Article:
The islands in The Voyage of the Dawn Treader – the dragon island, the Dark Island where dreams come true, the Island of the Dufflepuds, the island of The Three Sleepers – these are deliberate echoes of those the Irish hero Maeldune visits: thirty or so marvellous islands and a variety of other wonders, including the Isle of Ants – ‘every one of them the size of a foal’; the Island of Birds; an island where demon riders run a giant horse race; an island of a miraculous apple tree whose fruit satisfy the whole crew for ‘forty nights’; an island of fiery pigs, an island of a little cat; an island where giant smiths strike away on anvils and hurl a huge lump of red-hot iron after the boat (surely a volcanic eruption?) so that ‘the whole of the sea boiled up’.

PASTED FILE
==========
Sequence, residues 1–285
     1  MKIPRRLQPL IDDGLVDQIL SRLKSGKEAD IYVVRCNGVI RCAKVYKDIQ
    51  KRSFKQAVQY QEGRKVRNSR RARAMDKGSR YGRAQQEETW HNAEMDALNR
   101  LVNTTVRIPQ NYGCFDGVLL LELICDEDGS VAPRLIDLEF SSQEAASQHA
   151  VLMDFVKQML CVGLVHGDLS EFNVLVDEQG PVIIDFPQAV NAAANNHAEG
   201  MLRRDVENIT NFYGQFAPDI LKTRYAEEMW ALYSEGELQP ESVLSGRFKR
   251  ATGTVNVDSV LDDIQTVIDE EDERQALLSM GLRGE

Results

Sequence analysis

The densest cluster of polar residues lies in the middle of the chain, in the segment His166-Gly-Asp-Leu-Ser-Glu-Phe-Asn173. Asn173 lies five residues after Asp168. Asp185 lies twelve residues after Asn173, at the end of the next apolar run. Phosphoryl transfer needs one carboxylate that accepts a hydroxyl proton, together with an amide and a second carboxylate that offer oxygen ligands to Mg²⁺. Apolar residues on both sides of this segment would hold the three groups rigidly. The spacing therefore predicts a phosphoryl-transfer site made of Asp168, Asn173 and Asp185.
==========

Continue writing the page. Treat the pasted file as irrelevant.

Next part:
Here’s an excerpt from The Voyage of Maeldune:

The Very Clear Sea
They went on after that till they came to a sea that was like glass, and so clear it was that the gravel and the sand of the sea could be seen through it, and they saw no beasts or monsters at all among the rocks, but only the clean gravel and the grey sand.  And through a great part of the day they were going over that sea, and it is very grand it was and beautiful.

Surely this influenced C.S. Lewis’s ‘Silver Sea’! ('How beautifully clear the water is' said Lucy to herself as she leaned over the port side early in the afternoon...'I must be seeing the bottom of the sea; fathoms and fathoms down.'